[00:06:51] And enforcer of whatever laws there are around your leadership. So that separates you for one thing. Also because you are [00:07:00] setting this super example that separates you in another way. But I think that's, it's also a really important part of leadership. I've made mistakes in the past with my office team at people building where I've maybe.

[00:07:17] I don't want to say I've been too friendly because I don't regret being friends with any of my staff until I do. And there is, there's definitely been points in the past where suddenly becomes very difficult to maybe discipline or enforce certain rules because. I've adapted my position with them to lean more towards a friendship than a leadership.

[00:07:48] And that's because I felt uncomfortable with being separate from the group. And I've had to recognize that and really just learn to live with [00:08:00] it so that when I need to say this isn't good enough, or you're not performing as I'd like you to at the moment. Can we have a chat about that? That my position is respecting.

[00:08:14] Because if they think that I'm just one of the crowd, then getting them to change or improve what they're doing is much more challenging. So I think leadership whilst it obviously has its perks. And I think from an ego perspective can make you feel quite good. There's definitely a downside in that you are not quite one of the crowd in the same way that you would be.

[00:08:40] If you were a regular member of the team.

[00:08:42] Scott Maderer: So when you are working with the franchisees that you work with to help them develop their influence and what they do, how do you help them focus on going beyond just their immediate circle and growing [00:09:00] themselves and their businesses.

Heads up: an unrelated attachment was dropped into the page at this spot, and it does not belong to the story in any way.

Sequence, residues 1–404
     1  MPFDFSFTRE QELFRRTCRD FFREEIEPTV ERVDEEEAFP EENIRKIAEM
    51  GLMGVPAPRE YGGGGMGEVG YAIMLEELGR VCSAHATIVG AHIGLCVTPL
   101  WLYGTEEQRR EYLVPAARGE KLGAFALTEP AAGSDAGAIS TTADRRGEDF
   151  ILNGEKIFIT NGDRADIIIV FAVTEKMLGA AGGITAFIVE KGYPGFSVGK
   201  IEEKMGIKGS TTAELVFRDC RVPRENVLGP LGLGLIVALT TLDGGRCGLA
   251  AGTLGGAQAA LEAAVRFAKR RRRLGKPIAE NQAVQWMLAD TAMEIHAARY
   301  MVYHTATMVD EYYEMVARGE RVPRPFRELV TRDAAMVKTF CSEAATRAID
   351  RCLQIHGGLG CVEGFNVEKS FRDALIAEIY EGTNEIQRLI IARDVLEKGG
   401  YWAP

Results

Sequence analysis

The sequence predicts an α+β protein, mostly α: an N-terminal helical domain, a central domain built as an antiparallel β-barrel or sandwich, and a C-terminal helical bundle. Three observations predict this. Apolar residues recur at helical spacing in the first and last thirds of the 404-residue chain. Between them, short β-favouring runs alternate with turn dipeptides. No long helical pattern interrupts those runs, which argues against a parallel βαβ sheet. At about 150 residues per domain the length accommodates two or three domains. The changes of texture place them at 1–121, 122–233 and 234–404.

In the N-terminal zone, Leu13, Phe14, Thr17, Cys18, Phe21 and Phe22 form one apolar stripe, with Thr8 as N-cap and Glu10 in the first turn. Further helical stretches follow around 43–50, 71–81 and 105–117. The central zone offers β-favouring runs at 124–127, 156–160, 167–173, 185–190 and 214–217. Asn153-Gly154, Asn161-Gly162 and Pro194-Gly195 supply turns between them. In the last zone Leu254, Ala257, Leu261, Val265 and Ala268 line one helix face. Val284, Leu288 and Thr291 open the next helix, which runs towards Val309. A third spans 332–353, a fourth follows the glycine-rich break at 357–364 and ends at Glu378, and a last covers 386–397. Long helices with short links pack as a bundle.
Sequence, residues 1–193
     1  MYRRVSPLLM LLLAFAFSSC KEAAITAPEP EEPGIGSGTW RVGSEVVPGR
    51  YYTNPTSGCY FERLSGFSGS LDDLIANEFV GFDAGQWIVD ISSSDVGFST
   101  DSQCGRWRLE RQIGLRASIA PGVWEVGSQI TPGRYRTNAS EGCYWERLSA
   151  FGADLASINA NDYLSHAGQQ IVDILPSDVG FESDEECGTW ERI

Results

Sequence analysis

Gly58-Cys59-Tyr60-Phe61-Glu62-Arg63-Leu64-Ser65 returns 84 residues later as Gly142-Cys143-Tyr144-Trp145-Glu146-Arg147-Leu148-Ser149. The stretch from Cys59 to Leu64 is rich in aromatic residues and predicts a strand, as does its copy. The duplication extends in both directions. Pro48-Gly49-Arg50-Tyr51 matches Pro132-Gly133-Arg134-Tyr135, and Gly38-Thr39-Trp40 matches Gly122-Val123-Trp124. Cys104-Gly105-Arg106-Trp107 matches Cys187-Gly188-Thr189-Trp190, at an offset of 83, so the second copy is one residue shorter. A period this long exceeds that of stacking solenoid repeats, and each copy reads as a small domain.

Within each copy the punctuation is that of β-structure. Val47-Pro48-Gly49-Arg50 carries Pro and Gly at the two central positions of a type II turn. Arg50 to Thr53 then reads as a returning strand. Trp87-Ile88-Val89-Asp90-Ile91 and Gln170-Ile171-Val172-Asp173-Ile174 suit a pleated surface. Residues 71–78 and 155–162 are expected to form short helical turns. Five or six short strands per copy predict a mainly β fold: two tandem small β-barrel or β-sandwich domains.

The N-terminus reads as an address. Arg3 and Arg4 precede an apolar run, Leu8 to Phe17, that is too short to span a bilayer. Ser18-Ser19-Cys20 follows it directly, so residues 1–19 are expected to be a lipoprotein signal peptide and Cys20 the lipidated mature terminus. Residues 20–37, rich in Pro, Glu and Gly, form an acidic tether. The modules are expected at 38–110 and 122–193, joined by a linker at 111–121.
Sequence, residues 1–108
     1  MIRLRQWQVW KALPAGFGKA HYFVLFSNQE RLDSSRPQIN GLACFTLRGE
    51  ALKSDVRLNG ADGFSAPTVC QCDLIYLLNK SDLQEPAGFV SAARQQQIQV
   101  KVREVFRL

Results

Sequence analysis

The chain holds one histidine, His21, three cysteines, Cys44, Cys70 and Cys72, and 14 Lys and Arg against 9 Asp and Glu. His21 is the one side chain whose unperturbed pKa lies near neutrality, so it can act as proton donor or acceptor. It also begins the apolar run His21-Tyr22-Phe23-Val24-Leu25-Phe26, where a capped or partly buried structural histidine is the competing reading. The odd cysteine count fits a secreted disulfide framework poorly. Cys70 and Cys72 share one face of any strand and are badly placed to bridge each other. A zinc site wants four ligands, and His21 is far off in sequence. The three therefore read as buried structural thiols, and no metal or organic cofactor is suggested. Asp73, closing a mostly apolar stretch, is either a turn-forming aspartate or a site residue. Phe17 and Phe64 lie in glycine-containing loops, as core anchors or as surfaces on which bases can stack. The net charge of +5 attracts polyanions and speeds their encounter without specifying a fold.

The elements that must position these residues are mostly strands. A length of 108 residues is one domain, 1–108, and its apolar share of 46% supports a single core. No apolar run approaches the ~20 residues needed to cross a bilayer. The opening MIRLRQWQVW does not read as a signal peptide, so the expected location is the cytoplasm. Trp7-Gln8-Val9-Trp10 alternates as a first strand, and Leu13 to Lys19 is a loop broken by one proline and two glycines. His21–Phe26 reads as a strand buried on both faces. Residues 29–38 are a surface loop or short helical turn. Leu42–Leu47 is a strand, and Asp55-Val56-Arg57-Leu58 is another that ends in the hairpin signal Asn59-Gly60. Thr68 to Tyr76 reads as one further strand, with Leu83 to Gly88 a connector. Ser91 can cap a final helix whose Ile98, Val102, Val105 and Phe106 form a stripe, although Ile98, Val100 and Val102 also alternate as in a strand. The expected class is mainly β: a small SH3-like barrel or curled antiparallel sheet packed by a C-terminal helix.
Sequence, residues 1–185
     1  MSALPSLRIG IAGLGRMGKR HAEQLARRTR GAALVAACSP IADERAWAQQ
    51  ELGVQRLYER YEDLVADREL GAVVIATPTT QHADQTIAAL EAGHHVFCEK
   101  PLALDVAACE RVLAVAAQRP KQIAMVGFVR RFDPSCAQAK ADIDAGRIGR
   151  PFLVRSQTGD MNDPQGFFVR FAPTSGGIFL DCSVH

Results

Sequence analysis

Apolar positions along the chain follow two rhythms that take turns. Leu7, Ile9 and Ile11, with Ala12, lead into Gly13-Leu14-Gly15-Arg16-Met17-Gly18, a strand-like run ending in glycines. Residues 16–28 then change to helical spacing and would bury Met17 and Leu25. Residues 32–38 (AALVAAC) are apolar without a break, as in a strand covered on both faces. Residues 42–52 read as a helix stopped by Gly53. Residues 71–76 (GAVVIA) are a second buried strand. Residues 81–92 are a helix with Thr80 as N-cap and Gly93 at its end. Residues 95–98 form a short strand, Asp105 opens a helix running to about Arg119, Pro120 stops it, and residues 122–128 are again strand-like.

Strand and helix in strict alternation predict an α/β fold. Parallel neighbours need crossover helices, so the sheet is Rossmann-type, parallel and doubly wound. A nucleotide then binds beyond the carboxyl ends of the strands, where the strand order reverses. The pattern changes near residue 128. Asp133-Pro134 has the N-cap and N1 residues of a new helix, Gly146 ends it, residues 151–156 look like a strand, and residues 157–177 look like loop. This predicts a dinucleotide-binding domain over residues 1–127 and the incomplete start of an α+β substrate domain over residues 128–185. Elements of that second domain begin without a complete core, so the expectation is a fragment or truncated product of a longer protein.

[00:09:00] Gemma Bailey: I think it, it probably starts very early in their experience of working with me.

[00:09:08] So sometimes I will have people that join the team who are not on social media. Those people exist. And I might be talking to them about things like Facebook advertising and they haven't even got a Facebook account set up yet. And they might be really uncomfortable with the idea of doing those sorts of things.

[00:09:30] Partly because they maybe aren't tech savvy. Partly because they don't necessarily want to have a public profile in the way that I, and some other members of the team. But actually people buy from people. And so I need them to wrap their head around the idea that if they're going to make their business successful, they're not going to be able to do it whilst hiding behind the logo.

[00:09:59] [00:10:00] Their faces need to be out there. And the world wants to see who it is. That's going to potentially be working with their child. Now that we have had the experience of COVID and locked down. I think that people are a lot more open-minded about how far their reach can go more than they ever were before.

[00:10:24] So for us previously, we're working in a therapeutic capacity with children and young people at NLP for kids. And we would, for the most part, see them in face-to-face live sessions. And for a long time, we believe that was not just the best way to do it, but probably really the only way to do it, or the only way to do it well.